The Archbishop of York, John Sentamu, is to chair a new, independent Commission on the future of the Living Wage (1).
Bringing together leading figures from business, trade unions and civil society (2), Commissioners will investigate what potential the increasingly popular concept of a Living Wage holds for Britain's five million low paid workers (3). The findings of the 12 month- long Commission are poised to shape party manifestos for the 2015 General Election, with both David Cameron and Ed Miliband previously voicing their support for the principle of the Living Wage (4).
The Living Wage - a wage rate set to ensure a basic but acceptable standard of living - has gained increasing prominence in policy circles over the past decade. Paying staff at least the London Living Wage rate of £8.55 per hour and £7.45 outside of London (5) promises to reduce what many see as a state subsidy to businesses who don't pay their employees enough to live on.
- Approximately £4bn is currently spent each year by Government on in-work support for low earners.
- Research has indicated the Living Wage could save the public purse £2 billion a year and boost nationwide income by £6.5bn a year. (6)
However, since the idea of the Living Wage was resurrected in the early 2000s, few companies have yet adopted it. The Living Wage Foundation's excellent campaigns have driven the idea into mainstream policy debates. Yet so far only 45,000 workers have had their pay cheque boosted as a result (6). The Archbishop of York will chair an investigation into the potential of the Living Wage, barriers to its implementation and how they could be overcome. The Commission will announce its final recommendations in Summer 2014.
Archbishop of York John Sentamu, Chair of the Living Wage Commission, said:
"Right now, millions of people are not receiving a fair day’s pay for a fair day’s work. The scale of low pay in the UK is a national scandal. Around five million people, the majority of them women, aren't paid a wage high enough to provide a basic but acceptable standard of living. In too many workplaces, the basic moral imperative that workers be paid enough to live on has been lost in the pursuit of profit.
"The Living Wage offers us hope. It is a simple idea with profound implications for the lives of millions. Yet for too many people, the notion of being paid enough to live on remains an abstract concept. I am honoured to be chairing a Commission that will investigate how to build a strong future by paying the Living Wage to workers and, in so doing, build a fair and just society."
Adam Marshall, Director of Policy & External Affairs at the British Chambers of Commerce and a member of the Living Wage Commission, said:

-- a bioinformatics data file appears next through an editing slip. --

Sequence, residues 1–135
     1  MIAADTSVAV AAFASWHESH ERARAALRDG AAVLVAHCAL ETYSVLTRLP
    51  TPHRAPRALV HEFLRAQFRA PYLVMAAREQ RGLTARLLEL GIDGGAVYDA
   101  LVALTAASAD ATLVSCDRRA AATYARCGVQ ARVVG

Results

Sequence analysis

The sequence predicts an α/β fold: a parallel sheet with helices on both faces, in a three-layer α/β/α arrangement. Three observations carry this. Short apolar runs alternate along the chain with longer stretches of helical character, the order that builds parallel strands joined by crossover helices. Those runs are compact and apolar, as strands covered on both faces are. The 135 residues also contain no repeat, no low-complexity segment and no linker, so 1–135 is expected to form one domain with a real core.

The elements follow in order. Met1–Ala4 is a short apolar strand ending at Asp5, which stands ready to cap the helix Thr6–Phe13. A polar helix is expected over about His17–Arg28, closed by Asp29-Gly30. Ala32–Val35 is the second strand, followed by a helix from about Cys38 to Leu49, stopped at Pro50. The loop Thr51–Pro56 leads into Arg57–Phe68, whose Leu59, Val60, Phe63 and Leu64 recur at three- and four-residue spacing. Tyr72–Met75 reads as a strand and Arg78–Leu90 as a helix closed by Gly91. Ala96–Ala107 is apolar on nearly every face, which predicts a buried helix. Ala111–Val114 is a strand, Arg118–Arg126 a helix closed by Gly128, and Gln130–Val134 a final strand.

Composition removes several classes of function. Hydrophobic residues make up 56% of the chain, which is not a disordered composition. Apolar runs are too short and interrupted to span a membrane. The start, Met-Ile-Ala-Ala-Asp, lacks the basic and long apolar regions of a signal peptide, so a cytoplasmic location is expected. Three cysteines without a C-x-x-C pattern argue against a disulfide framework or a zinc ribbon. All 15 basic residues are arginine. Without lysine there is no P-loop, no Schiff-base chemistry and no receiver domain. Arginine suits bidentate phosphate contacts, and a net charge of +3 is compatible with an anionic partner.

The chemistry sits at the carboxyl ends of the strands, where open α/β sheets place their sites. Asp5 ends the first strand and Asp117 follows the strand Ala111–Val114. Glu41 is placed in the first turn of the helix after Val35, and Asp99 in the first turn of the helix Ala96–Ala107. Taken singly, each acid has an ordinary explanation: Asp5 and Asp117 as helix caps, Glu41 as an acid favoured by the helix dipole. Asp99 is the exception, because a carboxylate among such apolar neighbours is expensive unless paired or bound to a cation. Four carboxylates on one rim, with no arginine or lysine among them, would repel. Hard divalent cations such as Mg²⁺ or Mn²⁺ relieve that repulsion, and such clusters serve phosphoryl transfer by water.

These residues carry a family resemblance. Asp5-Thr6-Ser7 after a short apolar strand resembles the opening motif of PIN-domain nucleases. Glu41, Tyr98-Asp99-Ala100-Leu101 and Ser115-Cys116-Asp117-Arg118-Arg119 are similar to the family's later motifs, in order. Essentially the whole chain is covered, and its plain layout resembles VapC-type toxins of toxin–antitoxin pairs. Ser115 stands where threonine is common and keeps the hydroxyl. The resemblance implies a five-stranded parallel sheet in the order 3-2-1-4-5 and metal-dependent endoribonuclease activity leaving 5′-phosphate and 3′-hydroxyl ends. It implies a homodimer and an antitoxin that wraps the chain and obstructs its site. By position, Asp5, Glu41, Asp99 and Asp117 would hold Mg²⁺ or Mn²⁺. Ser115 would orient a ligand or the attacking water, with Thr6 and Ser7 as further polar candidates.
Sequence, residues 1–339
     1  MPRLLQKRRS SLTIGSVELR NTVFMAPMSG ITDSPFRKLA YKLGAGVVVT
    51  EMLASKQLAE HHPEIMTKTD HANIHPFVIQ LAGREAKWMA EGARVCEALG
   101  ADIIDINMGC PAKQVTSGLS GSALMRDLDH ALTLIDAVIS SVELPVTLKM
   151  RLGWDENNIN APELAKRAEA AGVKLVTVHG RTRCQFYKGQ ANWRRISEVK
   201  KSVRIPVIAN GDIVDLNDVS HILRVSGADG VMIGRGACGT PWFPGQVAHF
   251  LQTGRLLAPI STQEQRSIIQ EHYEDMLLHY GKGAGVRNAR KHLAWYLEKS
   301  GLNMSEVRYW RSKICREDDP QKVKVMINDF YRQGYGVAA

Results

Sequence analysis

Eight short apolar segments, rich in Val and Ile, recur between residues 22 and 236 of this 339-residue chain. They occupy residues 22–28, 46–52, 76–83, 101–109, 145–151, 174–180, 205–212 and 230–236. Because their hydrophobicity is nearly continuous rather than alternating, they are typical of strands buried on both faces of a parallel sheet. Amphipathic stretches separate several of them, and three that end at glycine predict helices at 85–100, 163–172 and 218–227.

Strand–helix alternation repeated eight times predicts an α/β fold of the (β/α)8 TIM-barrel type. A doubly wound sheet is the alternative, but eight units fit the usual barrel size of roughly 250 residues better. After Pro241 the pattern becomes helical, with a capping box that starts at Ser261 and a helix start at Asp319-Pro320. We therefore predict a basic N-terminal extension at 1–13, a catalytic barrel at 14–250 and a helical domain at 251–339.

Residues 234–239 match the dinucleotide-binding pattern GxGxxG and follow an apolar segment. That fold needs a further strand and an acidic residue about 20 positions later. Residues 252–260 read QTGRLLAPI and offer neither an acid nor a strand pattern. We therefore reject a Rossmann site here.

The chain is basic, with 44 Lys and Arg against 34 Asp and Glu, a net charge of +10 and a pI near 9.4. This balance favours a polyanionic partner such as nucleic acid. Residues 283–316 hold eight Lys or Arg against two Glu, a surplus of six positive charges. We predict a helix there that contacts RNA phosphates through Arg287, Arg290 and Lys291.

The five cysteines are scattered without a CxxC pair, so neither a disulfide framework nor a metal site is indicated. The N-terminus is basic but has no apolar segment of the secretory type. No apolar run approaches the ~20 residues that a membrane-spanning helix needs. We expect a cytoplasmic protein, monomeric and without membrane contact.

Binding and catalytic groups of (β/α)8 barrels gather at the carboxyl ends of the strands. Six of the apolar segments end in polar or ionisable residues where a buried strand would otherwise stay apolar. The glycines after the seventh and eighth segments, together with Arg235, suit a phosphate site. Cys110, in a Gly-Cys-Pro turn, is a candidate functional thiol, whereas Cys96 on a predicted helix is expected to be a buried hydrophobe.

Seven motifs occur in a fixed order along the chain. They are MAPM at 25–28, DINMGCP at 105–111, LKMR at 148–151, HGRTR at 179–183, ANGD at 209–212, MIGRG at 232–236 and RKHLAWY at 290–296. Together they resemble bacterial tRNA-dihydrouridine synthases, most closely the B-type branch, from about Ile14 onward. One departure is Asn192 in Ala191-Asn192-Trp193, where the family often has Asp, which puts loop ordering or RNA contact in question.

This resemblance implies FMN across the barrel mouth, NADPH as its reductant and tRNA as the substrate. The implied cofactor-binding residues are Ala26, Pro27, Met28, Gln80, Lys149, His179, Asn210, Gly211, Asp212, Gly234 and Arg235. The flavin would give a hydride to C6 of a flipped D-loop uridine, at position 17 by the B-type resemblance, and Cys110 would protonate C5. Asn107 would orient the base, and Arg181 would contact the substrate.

“The Living Wage debate elicits a variety of reactions from businesses across the UK, from the very sceptical to the very supportive. I am pleased to be joining the Living Wage Commission in order to represent the views of British businesses, and to work with commissioners from all walks of life on solutions to the difficult issues that wage debates often raise.”
Frances O'Grady, General Secretary of the TUC and a member of the Living Wage Commission, said:
“All the evidence is that paying the living wage helps boost employee productivity and makes it much easier for firms to recruit and retain good staff. The extra pay in the pockets of low-paid workers would also help inject much-needed consumer demand back into our struggling economy. I hope the commission will prick the conscience of the nation, help banish poverty pay from the UK’s workforce and give the five million who don’t yet earn the living wage the dignity they deserve.”
About The Living Wage Commission
1) The Living Wage Commission is a an independent investigation into the future of the Living Wage. Over the course of 12 months, Commissioners will research and assess the evidence on the value of the Living Wage, barriers to its implementation and how these could be overcome.
The Commission was initiated by Compass, an organisations working to build a more equal, sustainable and democratic society: http://www.compassonline.org.uk/ The Commission is supported by the Joseph Rowntree Charitable Trust.
2) The Living Wage Commissioners appointed so far are:
- Archbishop of York, John Sentamu (Chair)
- Frances O'Grady, General Secretary, TUC
- Adam Marshall, Director of Policy & External Affairs, British Chambers of Commerce
- Victoria Winkler, Director, Bevan Foundation
- Sir Stuart Etherington, Chief Executive, NCVO
- Kate Pickett, co-author, The Spirit Level; co-founder of the Equality Trust
- Guy Stallard, UK Head of Facilities, KPMG (personal capacity)
3) Five million people, 3 million of them women, are paid less than the Living Wage. 'Beyond the Bottom Line: The challenge and opportunities of a living wage', Resolution Foundation and IPPR, 2013.
4) Prior to the 2010 General Election, David Cameron described the Living Wage as a "good and attractive idea": http://www.totalpolitics.com/print/speeches/35348/david-cameron-leader-of-the-conservative-party-speaks-at-the-citizensuk-general-election-assembly-in-westminster.thtml ;
Ed Miliband describes the Living Wage as "an idea whose time has come": http://www.labour.org.uk/ed-miliband-speech-on-the-living-wage
6) 'Beyond the Bottom Line: The challenge and opportunities of a living wage', Resolution Foundation and IPPR, 2013